E-commerce giant Amazon has been awarded a bitcoin-related cloud computing patent that envisions the use of digital currencies as payment for cloud computing services on Amazon Web Services (AWS).
Amazon’s cloud is by far the biggest remote computing service on the market. Market research firm Gartner estimates AWS annual revenue at upwards of $3bn, and it believes Amazon’s cloud has five times the capacity of its next 14 rivals.
The news follow's Amazon's public statements that suggest is not presently interested in accepting digital currencies, despite such suggestions from rivals like eBay.
Earlier this April, Amazon’s payments head Tom Taylor revealed that the company has no immediate plans to "engage bitcoin".
USPTO Patent 8,719,131
The patent involves allocating financial risk and reward in a multi-tenant environment.
The abstract reads:
"Multi-tenant resources can be funded using payment submitted with requests for those resources, such that the resources do not need to be associated with a specific user account.
A resource can be allocated and available as long as payment has been provided. If a user wants the resource to be available for additional processing, for example, the user can submit another request with additional funding."
The patent goes on to specify how funding would work in more detail, stating:
"The funding can come in the form of donations from any user, or in the form of investments where the investor expects some return on the investment in the form of revenue, visibility, or other such compensation.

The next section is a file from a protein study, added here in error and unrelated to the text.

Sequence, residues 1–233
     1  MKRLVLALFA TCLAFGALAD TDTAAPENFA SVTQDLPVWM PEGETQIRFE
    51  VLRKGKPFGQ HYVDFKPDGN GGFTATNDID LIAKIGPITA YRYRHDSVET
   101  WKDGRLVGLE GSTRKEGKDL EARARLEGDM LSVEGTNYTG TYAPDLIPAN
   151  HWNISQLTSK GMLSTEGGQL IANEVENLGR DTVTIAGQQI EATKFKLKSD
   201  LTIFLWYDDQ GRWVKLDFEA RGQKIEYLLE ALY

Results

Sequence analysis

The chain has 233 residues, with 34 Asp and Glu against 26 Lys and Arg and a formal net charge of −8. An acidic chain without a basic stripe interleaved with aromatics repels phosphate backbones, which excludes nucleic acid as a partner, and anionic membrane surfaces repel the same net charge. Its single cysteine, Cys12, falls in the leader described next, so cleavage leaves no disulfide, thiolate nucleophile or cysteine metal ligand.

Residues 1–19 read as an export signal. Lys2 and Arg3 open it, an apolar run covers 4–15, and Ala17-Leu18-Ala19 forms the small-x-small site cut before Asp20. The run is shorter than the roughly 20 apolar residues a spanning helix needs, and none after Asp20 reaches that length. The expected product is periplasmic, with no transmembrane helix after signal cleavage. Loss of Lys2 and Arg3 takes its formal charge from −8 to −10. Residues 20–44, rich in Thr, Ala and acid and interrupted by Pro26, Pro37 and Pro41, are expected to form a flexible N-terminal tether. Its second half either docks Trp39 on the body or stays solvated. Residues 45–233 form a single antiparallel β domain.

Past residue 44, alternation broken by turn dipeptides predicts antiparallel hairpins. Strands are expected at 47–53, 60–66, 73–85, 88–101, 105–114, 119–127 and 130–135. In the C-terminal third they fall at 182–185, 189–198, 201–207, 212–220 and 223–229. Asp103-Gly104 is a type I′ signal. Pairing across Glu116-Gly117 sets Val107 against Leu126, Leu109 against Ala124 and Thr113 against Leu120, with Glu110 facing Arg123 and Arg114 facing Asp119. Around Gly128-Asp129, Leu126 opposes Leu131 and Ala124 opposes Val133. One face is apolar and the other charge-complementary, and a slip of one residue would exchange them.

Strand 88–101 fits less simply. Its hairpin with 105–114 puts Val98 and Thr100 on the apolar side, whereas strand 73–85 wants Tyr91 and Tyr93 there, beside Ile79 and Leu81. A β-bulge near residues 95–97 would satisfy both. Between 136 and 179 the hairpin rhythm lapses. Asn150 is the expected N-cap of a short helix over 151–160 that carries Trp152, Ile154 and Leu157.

One or more management components can track funding for various resources, can accept and select bids for period of sponsorship, and can manage various donation models.”
The system requires a source of funding, such as a digital cash payment upon request. Bitcoin is just one form of payment described in the patent description.
The patent reads:
"Various types of digital cash, electronic money or crypto-currency can be used, such as bitcoins provided by the Bitcoin P2P Currency System."
Speed is essential, for example, as a user might request access to a server for just two hours and pay for it digitally.
The patent could be described as enabling an 'à la carte' approach to cloud computing – take what you need for as long as you need it, with no subscription or long-term obligation, no need to plan ahead.
Everything as a Service
Cloud computing revolves around several basic models, such as Infrastructure as a service (IaaS), Software as a service (SaaS) and Platform as a Service (PaaS), and there are a number of variations and hybrid business models.
Cloud offers a lot of flexibility in terms of hardware, but flexibility in terms of paying for cloud services is another thing. Amazon’s patent, with or without bitcoin in the mix, aims to deliver pay-per-use resource allocation, maximising efficiency and reducing costs for the end user.
While this does not make much of a difference for businesses, it could have implications for consumer-oriented cloud services.
Image via Amazon